Article by Tim Leeming. Exercise Nutritionist. BAppSci (Hons)
Hydration in exercise; we’ve been doing it all wrong! Have you ever heard the phrase “if you’re thirsty, it’s too late”? Sure you have, it has been the bottom line of advice for race hydration since the 80s! Sports nutritionists have been preaching to athletes of all ages and abilities that they should stay ahead of thirst. Wretchedly, this advice is not only erroneous, but can be dangerous in some situations. Why and how have we had it so wrong?
Decades on and the damage has been done. What we are actually seeing now is that individuals setting foot in endurance events, such as half-marathons, are drinking too much! This phenomenon of over-hydrating has lead us to an arguably more life-threatening condition, exercise associated hyponatremia (EAH). EAH is basically a state of being drunk on water. It occurs when too much fluid is consumed and the electrolytes in our blood become diluted to harmfully low concentrations. This truly can be a dangerous state of affairs, with the worst-case scenario resulting in brain swelling, followed quite abruptly by death.
The reason I say that EAH is more hazardous to athletes than dehydration is because it is now significantly more common at endurance events around the world than the latter. In his recent book, here’s what world-renowned Professor of Exercise Science and Sports Medicine, Timothy Noakes, has to say about it:
"Between 1981 and 1984, as more and more cases of exercise associated hyponatremia surfaced, I was witnessing firsthand the factual evidence proving that it is possible for athletes to drink too much during exercise, to the point that this practice could ultimately be fatal. All of my studies after 1981 led me to the conclusion that athletes should drink according to thirst. ... There is also no evidence to suggest that fluid ingestion at such high rates (250ml per 15 minutes) – that is, drinking ‘ahead’ of thirst – does anything other than impair performance. Instead, all the evidence now shows that it is never necessary to replace all the fluid or weight that is lost during exercise. The only proven effect of drinking more is the development of exercise associated hyponatremia due to water intoxication."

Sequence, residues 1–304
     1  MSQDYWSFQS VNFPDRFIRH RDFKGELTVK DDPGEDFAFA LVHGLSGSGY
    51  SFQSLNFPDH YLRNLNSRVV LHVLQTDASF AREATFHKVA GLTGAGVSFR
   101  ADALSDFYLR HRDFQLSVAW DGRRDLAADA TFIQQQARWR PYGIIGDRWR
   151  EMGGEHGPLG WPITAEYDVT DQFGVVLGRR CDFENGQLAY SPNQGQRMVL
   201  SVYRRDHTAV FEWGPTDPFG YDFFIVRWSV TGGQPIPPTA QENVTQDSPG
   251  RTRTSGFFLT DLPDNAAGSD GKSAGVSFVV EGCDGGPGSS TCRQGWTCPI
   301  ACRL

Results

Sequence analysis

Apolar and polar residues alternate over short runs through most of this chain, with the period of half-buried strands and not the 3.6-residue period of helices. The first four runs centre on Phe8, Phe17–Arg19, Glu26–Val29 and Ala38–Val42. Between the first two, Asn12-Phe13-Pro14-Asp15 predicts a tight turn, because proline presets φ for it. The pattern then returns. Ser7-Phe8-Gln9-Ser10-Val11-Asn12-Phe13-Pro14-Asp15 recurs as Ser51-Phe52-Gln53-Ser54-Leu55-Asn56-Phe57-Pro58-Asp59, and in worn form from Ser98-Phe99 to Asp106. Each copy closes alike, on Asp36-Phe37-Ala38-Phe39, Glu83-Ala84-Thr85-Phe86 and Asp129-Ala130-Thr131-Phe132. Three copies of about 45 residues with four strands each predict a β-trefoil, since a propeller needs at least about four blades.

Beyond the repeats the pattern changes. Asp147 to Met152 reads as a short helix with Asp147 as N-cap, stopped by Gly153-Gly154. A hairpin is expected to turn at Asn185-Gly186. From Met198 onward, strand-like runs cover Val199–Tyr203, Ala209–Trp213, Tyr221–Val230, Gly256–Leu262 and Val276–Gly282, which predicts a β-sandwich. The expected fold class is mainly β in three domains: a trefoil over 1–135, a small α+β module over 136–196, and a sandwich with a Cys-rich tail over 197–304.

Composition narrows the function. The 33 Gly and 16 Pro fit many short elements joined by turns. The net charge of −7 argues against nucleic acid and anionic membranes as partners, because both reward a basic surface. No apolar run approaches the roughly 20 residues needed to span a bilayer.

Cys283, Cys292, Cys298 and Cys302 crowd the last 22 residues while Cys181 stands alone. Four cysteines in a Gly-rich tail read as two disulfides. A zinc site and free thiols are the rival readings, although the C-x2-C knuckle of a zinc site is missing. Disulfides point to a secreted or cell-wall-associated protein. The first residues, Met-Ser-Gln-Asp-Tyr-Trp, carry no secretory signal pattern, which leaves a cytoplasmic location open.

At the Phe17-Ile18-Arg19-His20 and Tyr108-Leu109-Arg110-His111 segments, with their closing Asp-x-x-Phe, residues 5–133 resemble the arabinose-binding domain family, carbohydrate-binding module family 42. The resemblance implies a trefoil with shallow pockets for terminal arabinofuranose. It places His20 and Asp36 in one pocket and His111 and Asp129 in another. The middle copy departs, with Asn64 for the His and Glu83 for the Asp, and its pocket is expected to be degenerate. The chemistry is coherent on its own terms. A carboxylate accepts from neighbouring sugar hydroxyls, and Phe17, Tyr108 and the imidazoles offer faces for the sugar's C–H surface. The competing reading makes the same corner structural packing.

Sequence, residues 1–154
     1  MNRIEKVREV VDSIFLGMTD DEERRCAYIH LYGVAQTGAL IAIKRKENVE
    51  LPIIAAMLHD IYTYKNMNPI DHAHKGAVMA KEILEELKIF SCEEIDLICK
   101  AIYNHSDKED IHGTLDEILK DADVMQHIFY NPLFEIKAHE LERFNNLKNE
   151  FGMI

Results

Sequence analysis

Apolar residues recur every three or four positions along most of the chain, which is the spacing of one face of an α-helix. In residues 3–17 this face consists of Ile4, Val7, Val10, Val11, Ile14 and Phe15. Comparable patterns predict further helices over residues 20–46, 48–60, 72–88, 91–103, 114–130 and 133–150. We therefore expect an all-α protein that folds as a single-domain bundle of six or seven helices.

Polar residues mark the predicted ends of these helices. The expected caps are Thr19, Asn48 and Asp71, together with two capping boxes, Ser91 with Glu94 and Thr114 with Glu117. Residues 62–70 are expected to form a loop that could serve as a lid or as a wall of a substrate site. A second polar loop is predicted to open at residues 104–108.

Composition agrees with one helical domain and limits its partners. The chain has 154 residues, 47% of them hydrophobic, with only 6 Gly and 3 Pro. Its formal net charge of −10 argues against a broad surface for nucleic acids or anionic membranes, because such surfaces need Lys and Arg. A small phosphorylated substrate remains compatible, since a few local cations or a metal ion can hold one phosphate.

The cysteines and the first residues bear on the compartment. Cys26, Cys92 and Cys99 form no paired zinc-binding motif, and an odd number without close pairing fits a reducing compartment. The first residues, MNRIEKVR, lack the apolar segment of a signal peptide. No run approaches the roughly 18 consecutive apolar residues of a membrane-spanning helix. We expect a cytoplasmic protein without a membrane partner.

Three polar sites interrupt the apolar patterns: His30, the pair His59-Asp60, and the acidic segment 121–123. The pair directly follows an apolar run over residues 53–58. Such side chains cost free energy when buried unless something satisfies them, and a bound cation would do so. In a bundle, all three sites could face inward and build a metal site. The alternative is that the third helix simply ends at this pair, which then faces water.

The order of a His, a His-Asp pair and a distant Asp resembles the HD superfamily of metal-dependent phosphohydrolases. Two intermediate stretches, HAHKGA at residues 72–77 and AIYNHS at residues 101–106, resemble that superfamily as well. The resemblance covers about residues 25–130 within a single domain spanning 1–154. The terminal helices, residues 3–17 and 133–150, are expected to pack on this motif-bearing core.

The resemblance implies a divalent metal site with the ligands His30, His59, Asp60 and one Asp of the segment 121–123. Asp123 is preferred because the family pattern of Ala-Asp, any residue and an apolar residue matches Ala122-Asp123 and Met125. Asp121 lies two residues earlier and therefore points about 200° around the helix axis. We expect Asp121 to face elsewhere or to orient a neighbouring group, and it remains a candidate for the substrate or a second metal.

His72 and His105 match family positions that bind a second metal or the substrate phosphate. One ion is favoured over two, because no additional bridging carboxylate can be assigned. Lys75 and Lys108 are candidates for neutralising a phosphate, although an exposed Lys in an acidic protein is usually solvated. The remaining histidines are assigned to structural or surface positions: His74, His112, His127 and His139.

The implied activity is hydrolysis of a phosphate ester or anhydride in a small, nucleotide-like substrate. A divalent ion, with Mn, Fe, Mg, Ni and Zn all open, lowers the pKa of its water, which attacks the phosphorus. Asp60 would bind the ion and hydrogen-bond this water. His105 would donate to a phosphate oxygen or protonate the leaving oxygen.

- Challenging Beliefs: Memoirs of a Career (published 2012)
That’s right – we should actually be using our thirst as the indicator. The body is a very intelligent system, so we should trust what it tells us. Drinking to thirst is not only safe, but evidence suggests it also boosts performance. The faster finishing runners in the field are those who have lost more weight during the race. This weight loss is primarily a result of sweating to keep cool, and is completely safe if thirst during the race is answered by drinking and the lost weight is replaced in the hours succeeding the race.
Of course there is much more to be said about hydration before, during and after an event. If you have any questions about your race hydration or nutrition, register for our upcoming Eat To Run Webinar.
Click here to make sure you don't miss these handy training tips, and that they come direct to your inbox.